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Evaluation of TH17 profile in common variable immunodeficiency patients with or without autoimmunity

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Background

Common Variable Immunodeficiency (CVID) is the most common symptomatic primary antibody deficiency in clinical practice and it is characterized by hypogammaglobulinemia, increased susceptibility to infections, autoimmune diseases and malignancies. The pathogenesis of CVID is still not well established. Immunologic abnormalities found in CVID patients include defects in B cell differentiation, in T cell function, altered receptor expression and cytokine production, regulatory cell disturbances and disorders of innate immunity. The aim of this study was to evaluate the TH17 profile of CVID patients, in order to observe if CVID patients with autoimmunity present a TH17 polarized cellular response pattern.

Methods

Forty two CVID patients were recruited from the PID outpatient clinic, Clinical Immunology and Allergy Division of HC-FMUSP, being 17 with and 25 without autoimmunity. T lymphocyte characterization was done by flow cytometry using the following panels: activation panel (CD3, CD4, CD8, HLA-DR, CD38, CD69, Live/dead); regulatory T cells panel (CD3, CD4, CD8, CD25, CD39, CD45-RO, CD127, Live/dead, FoxP3); and functional panel - upon 5 hours stimulation - (CD3, CD4, CD8, Live/dead, TNF-α, IFN-γ, IL-2, IL-17, IL-21).

Results

No difference was found in the TH17 profile (% CD4+IL-17+ cells) between CVID patients with/without autoimmunity. Likewise, TH17 profile was not different when all CVID patients were compared to controls. We observed a reduction in Treg frequency in CVID patients with autoimmunity in comparison to patients without autoimmunity as well as controls. CVID patients presented increased expression of activation markers in CD4 and CD8 T cells when compared to controls. Finally, increased percentage of IL-17 producing CD8 T cells (Tc17) was observed in patients with autoimmunity.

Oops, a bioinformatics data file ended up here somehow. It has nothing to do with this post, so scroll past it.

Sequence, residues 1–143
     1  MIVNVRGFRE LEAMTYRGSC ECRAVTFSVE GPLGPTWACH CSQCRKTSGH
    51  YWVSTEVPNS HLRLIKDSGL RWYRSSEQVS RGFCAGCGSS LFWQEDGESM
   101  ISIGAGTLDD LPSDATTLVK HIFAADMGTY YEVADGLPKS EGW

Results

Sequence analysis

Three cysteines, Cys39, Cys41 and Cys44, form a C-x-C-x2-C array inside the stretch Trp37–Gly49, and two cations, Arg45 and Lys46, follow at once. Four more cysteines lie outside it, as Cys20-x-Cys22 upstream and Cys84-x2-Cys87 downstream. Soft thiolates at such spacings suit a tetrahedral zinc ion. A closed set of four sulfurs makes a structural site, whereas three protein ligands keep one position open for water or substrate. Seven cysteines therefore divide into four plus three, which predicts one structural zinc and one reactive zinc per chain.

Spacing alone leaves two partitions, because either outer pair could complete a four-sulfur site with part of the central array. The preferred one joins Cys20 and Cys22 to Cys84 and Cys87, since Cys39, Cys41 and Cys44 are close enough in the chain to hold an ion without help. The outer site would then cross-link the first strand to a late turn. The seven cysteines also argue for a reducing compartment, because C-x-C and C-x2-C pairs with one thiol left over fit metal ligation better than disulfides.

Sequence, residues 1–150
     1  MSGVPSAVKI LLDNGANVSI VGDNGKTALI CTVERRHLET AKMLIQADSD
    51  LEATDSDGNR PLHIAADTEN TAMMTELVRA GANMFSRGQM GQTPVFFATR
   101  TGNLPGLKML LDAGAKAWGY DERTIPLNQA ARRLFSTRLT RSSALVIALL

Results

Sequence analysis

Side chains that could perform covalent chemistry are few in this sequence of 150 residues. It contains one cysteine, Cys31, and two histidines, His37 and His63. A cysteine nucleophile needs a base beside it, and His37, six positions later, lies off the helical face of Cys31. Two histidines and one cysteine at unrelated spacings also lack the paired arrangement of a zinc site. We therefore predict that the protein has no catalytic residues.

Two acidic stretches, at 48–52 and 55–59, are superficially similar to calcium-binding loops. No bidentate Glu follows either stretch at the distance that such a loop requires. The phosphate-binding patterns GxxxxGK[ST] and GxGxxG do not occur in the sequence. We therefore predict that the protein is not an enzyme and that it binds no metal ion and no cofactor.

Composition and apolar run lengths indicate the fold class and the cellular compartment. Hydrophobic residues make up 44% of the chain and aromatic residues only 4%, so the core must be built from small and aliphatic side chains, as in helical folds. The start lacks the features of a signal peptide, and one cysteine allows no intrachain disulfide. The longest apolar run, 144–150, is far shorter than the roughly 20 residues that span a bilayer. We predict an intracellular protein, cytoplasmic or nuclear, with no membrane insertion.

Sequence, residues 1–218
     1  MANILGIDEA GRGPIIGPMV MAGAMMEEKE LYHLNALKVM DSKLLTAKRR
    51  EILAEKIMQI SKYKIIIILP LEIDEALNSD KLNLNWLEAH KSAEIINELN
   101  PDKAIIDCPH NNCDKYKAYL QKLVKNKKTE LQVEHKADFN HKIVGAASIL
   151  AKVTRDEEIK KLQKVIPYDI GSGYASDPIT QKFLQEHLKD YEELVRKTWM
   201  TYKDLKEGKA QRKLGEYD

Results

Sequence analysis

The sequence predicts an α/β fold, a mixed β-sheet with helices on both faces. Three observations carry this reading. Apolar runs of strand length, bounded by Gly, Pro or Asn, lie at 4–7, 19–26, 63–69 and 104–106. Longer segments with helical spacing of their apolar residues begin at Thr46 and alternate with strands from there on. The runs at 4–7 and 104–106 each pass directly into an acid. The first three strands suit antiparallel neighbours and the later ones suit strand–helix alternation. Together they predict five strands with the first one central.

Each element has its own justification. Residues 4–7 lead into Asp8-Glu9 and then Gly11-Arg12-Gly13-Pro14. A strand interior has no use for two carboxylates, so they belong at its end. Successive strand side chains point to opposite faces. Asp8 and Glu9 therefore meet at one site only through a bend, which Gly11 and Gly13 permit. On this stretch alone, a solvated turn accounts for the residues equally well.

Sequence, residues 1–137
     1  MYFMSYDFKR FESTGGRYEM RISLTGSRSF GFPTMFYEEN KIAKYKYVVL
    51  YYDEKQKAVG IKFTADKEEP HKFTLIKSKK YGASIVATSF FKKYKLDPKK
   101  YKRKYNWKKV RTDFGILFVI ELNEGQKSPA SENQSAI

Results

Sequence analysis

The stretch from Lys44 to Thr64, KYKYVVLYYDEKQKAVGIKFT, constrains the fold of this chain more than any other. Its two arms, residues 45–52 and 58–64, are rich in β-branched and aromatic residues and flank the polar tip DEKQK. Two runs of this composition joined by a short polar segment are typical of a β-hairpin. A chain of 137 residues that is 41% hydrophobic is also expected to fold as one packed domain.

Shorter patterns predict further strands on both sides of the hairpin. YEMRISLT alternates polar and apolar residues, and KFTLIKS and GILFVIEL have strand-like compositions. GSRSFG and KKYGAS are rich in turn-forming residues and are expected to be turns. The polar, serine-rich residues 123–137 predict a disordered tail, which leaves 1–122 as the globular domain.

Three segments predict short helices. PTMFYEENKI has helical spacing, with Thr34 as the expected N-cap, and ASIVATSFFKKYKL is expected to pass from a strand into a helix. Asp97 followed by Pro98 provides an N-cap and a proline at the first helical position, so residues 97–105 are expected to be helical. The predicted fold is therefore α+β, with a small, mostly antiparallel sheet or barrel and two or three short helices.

Conclusions

We conclude that in CVID, TH17 cells may not be responsible for the induction of autoimmunity which is possibly consequent to the several immune dysregulations found in this immunodeficiency. More studies are necessary to establish TH17 and Tc17 function in CVID pathogenesis.

Author information

Correspondence to Ana Karolina Barreto De Oliveira.

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This article is published under license to BioMed Central Ltd. This is an Open Access article distributed under the terms of the Creative Commons Attribution License (http://creativecommons.org/licenses/by/4.0), which permits unrestricted use, distribution, and reproduction in any medium, provided the original work is properly cited. The Creative Commons Public Domain Dedication waiver (http://creativecommons.org/publicdomain/zero/1.0/) applies to the data made available in this article, unless otherwise stated.

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